How to see the Perseid meteor shower this week and when it should peak in August 2021
A meteor shower dubbed 'the best of the year' is set to light up the skies this week.
With the right conditions, the Perseid shower will treat skygazers to a dazzling lights display on Thursday evening. Here's all you need to know about catching a glimpse:
What is the Perseid meteor shower?
The Perseid meteor shower is caused by Earth passing through debris in the sky that has been left behind by a comet.
The event has in fact already begun, with some skygazers noticing activity from the end of July. But the shower is expected to peak on Thursday evening (August 12) and into the early hours of Friday, August 13 when it is hoped you'll be treated to the best view.
What to look for
Perseids will appear like short bursts of flashing light as tiny bits of material from the comet in its orbit meet the Earth's atmosphere at rapid speed.
Most of the comet's rubble, say experts at Space.com, will be no larger than a grain of sand. Any larger particles. the size of peas or small pebbles, could create an effect similar to that of a shooting star but are expected to be less frequent.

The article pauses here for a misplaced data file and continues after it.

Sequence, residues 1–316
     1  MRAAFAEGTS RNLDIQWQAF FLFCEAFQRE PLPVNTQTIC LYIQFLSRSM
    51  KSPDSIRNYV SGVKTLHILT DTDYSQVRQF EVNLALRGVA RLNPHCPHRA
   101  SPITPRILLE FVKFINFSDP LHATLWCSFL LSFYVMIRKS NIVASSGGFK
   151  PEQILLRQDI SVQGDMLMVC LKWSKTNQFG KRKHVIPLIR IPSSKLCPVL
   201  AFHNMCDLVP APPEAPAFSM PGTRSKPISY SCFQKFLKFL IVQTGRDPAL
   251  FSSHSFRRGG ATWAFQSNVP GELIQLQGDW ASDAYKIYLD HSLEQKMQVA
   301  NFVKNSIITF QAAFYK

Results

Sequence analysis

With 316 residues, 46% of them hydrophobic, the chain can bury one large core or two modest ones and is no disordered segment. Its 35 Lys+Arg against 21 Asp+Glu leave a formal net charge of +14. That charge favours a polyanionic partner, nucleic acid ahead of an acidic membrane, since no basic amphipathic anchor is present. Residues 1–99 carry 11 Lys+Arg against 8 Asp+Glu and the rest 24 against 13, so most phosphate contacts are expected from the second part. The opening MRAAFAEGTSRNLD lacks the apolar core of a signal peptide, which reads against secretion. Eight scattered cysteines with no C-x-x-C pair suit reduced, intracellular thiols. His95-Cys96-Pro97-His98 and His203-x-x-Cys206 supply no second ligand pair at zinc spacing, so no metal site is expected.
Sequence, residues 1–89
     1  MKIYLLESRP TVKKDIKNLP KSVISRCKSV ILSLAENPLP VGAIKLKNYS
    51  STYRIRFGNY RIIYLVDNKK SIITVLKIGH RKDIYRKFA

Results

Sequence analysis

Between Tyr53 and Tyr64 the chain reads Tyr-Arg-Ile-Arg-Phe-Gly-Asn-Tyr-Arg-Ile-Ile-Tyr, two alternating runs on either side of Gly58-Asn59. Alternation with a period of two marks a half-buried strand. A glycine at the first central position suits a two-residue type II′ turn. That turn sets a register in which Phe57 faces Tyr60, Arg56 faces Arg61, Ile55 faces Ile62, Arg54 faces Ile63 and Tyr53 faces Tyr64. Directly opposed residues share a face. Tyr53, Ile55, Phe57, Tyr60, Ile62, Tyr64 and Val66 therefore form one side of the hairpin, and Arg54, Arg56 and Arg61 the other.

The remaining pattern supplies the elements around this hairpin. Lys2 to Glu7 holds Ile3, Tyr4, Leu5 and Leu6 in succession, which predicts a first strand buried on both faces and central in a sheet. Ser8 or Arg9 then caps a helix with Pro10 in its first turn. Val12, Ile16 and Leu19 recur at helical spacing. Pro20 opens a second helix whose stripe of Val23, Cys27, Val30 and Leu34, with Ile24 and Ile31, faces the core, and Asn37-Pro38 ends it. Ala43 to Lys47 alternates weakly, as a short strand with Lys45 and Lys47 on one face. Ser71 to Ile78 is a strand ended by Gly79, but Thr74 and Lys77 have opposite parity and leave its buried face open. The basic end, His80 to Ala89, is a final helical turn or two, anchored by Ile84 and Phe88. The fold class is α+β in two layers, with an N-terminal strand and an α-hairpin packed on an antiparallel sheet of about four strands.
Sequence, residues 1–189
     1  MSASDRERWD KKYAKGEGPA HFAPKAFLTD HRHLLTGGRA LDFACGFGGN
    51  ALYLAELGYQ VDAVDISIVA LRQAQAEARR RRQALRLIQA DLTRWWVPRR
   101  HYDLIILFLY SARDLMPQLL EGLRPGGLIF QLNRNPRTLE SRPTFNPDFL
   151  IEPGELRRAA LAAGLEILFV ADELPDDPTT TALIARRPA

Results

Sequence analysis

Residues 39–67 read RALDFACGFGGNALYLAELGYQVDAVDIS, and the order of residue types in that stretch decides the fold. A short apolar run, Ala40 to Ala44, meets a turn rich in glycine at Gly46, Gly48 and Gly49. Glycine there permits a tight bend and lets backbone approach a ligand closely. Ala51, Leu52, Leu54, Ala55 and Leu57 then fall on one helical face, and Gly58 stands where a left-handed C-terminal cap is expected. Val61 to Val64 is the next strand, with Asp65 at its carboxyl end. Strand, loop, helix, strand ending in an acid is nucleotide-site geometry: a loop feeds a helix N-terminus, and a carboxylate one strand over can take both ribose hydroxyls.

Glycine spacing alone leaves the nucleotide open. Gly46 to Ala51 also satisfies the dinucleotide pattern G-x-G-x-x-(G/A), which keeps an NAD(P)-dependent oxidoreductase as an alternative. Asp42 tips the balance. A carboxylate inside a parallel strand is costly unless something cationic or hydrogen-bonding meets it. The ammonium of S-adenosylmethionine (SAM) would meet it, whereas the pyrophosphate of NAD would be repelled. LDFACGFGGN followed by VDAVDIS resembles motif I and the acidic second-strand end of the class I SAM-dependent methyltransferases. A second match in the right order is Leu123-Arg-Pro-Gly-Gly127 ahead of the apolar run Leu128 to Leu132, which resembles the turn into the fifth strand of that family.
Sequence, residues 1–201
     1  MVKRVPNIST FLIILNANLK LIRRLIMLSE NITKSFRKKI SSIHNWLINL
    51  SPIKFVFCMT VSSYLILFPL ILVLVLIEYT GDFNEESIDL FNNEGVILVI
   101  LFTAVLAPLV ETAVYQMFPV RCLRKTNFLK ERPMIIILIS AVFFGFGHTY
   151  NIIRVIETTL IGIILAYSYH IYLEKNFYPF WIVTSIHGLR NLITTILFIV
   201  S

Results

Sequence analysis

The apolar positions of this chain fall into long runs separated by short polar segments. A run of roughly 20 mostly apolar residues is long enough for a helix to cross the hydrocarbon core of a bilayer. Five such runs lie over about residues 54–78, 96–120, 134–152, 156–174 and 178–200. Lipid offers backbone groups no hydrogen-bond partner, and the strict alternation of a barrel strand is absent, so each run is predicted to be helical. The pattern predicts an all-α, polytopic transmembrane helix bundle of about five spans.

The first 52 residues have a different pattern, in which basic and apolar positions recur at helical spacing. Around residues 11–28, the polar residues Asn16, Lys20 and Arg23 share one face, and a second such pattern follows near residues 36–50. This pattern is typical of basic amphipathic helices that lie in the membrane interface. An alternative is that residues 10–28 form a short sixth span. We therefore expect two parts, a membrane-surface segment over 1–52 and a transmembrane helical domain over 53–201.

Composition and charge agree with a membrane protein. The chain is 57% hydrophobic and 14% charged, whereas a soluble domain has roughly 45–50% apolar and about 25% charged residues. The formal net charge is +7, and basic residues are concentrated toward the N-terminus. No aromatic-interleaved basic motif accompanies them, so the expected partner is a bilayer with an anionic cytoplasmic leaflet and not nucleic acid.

Experts from the Royal Astronomical Society say, with the right conditions, observers could potentially see up to 50 or 60 in an hour on Thursday night. This meteor shower is described as the 'best of the year' because it can be one of the brightest and most active.
Will it be easy to see?
This meteor shower is often a popular event for budding astronomers because of the ease with which it can usually be seen without the need for high-tech equipment. No in-depth knowledge of constellations is required either to make things even more straightforward.
But a first-class display will also need favourable weather conditions to give those watching from Earth the best view.
A cloud-free sky would help meteor seekers have the best view of the shower so now is the time to cross your fingers for good weather!
A dark sky will also help, so if you can, watch from somewhere that doesn't experience a lot of light pollution. And thirdly - aim for a wide open space - the more sky that you have visible from where you're stood, the greater chance you'll have of seeing the meteors streak across the sky above you.
If you miss it...
This spectacular natural fireworks display is unlikely to be a one-night only affair. Even if you miss the expected peak, particularly if the weather is poor, don't be afraid to look up again on the following night.
The shower is likely to continue across the Northern Hemisphere for a few days after Thursday, possibly as far ahead as August 18, so there could be another opportunity in the days after if Thursday turns out to be disappointing.